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Blood in the Water – Cold War Olympics

6 December 1956 saw one of the most violent and politically-charged sporting clashes in history, an event that came to be known as ‘ Blood in the Water ’. The occasion was the Olympic water polo semi-final between Hungary and the USSR. Played against the backdrop of Cold War politics, the game was, from start to finish, fraught with tension.
Water Polo
Hungary was the undoubted superpower of 1950s water polo. They had won gold at three of the four previous Olympic Games, and silver at the London Olympics of 1948; and were firm favourites to triumph again at the Melbourne Olympics of 1956, the first Olympics to be held in the southern hemisphere. The Soviets, jealous of Hungary’s success in the water, had been training in Hungary in the months leading up to the Olympics, trying to learn what made the Hungarians so good at their game. Since 1949, Hungary had been a Soviet satellite and thus the Soviet team arrived, uninvited, and made use of Hungary’s pool facilities and expertise. A ‘friendly’ match in Moscow earlier in the year had erupted in violence; the Russians having won thanks to some dubious partisan referring.
Hungarian Revolution
Then, in October 1956, came the Hungarian Revolution. The people of Hungary stood up to the oppression of a tyrannical and foreign ruler. The Soviet leader, Nikita Khrushchev, sent in the tanks to quell the uprising and restore order. The tanks, having failed, were withdrawn. Khrushchev replaced Hungary’s hard-line communist rulers with the more populist Imre Nagy. Nagy announced his decision to withdraw Hungary from the Soviet-led Warsaw Pact, introduce much-needed reform and, most alarmingly for Khrushchev, spoke of independence.
A week later, the Soviet tanks re-appeared and, this time, with brutal efficiency, crushed the revolution. Some 3,000 Hungarian citizens were killed. Nagy took sanctuary in the Yugoslav embassy but, a year later, having been lured out, was arrested by the new pro-Soviet regime in Budapest, tried and executed.
Meanwhile, while the Hungarian Revolution played out, the national Olympic water-polo team had been holed up with Russian minders in a hillside hotel in Budapest within earshot of the gun battles raging below. On 1 November they started on their three-week journey to Melbourne not knowing the outcome of the uprising. It was only when they arrived in Australia, they learnt that their oppressive rulers were back in charge (and would remain so for another 33 years). It was at this point that many of the players decided that, once the Olympics were over, they would not be returning to their homeland.
They won their first four games of the tournament against Great Britain, the USA, Italy and Germany. And so they reached the semi-final to face the team that represented their oppressors. The scene was set for a tumultuous confrontation – blood in the water.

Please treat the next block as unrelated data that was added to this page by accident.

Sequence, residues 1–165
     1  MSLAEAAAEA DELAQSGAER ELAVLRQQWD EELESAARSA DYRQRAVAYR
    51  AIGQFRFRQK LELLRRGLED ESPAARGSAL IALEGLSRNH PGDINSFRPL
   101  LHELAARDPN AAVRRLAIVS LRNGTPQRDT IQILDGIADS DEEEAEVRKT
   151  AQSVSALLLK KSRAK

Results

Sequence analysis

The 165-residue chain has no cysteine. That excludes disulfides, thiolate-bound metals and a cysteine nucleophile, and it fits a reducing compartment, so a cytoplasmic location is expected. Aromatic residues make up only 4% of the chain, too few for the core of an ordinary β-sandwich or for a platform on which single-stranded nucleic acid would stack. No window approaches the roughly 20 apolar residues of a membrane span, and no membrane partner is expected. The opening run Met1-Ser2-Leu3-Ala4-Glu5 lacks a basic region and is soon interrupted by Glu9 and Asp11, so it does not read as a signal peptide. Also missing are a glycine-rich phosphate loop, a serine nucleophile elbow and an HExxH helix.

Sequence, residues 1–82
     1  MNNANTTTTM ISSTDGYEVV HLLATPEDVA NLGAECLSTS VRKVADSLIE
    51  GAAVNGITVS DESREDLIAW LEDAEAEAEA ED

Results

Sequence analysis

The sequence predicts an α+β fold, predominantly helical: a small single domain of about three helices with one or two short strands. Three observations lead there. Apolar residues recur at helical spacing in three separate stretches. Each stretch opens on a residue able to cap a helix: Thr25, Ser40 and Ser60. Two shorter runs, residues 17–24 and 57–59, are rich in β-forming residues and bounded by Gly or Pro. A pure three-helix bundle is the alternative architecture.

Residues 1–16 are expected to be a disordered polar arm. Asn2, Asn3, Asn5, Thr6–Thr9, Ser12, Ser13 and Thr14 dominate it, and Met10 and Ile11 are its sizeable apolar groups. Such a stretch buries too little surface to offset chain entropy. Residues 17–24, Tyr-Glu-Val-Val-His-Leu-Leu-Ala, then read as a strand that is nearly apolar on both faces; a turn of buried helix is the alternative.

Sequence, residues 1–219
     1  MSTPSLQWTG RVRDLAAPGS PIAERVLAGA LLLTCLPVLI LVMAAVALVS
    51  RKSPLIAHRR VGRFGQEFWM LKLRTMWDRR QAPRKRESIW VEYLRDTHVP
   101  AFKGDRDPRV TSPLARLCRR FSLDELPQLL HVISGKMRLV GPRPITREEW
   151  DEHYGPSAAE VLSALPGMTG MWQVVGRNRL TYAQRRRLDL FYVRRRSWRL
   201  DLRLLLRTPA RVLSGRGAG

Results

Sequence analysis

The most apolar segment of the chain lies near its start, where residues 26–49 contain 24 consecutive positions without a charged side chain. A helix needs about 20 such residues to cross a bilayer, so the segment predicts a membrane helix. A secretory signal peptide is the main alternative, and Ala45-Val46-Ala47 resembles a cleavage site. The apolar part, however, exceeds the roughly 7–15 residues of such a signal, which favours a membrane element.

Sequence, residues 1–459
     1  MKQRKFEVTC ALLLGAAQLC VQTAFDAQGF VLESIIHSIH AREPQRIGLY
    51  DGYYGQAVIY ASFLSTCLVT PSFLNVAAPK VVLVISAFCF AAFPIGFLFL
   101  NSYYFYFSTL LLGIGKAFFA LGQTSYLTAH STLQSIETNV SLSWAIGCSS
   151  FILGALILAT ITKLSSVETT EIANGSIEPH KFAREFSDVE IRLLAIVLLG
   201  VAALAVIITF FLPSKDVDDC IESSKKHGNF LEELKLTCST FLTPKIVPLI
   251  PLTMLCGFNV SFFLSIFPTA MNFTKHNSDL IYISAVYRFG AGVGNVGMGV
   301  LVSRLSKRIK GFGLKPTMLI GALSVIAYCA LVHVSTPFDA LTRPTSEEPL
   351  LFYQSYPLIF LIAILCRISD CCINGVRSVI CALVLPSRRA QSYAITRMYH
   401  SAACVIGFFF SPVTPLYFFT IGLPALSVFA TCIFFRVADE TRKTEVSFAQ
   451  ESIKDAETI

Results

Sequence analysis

Blood in the Water
The game took place on 6 December. The Hungarian team had decided from the off to conduct a psychological battle by needling their opponents. Having been forced to learn the Russian language two hours a day throughout their school years, the Hungarian players could easily make themselves understood as they mocked their opponents’ illegitimacy. Within the first minute of the heavily-charged grudge match, the referee had consigned a Russian player to the penalty box.
Fights continued throughout the game, both above and below the water line. Together with their method of zonal marking, a revolutionary tactic for the time, the Hungarians had the Soviets quickly ruffled.
The Australian crowd’s sympathy clearly lay with the Hungarians, chanting ‘Go Hungary’ throughout the game and waving the Hungarian flag with the Soviet emblem ripped from its centre. (The Australian team had been beaten by the USSR earlier in the tournament).
With the match drawing to its close, the score was 4-0 to Hungary. In the last couple of minutes, Hungary’s star player, the 21-year-old Ervin Zador, was assigned by his captain to mark the Soviet forward, Valentin Prokopov. Zador had already scored two of Hungary’s goals. On hearing the referee blow his whistle, Zador made what he called a ‘horrible mistake’, and momentarily took his eye of the Soviet. He looked back to see Prokopov’s arm windmilling before being thumped a mighty blow that caught him in the eye and cheek. There was, indeed, blood in the water.
The Australian crowd went berserk and surged forward. The police, who had been told to expect trouble, hence their presence at the game, stepped in. The referee blew full time a minute early while the police escorted the Soviet team away from the baying crowd. Ervin Zador was led from the pool with blood pouring from his face. A photograph of the bloodied player has become an iconic image of Cold War-era Olympics.
Thus, having won, the Hungarian team advanced to the final against Yugoslavia. Zedor, although desperate the play, was unable to – his eye was too swollen. He nervously watched the game from the stands as his teammates triumphed, winning the final 2-1. He received his gold medal on the podium dressed in a suit. (The Soviets won their play-off match, beating Germany 6 -4, and hence earned the bronze medal).
San Francisco
Following the Olympics, Zador, along with half his teammates, sought asylum. It was, he said years later, a difficult decision – he was at the peak of his career and could look forward to a bright sporting future in Hungary. But the Soviet oppression was too much. Thus, he moved to the US and settled in San Francisco. Water polo in the US was not the sport it was in Hungary and, reluctantly, Zedor gave it up. Instead, he took up a job as a swimming instructor and trained a young Mark Spitz, who, at the Munich Olympics of 1972, won seven gold medals.
2006, the fiftieth anniversary of the Blood in the Water game, saw two cinematic releases based on the event – a documentary, Freedom’s Fury, executively produced by Quentin Tarantino, no less, and narrated by Zedor’s former protégé, Mark Spitz; and a Hungarian feature film, Children of Glory.
Ervin Zador died 28 April 2012.
The Torn FlagRupert Colley
Rupert’s page-turning novel, The Torn Flag, set during the chaotic days of the 1956 the Hungarian Revolution, is now available.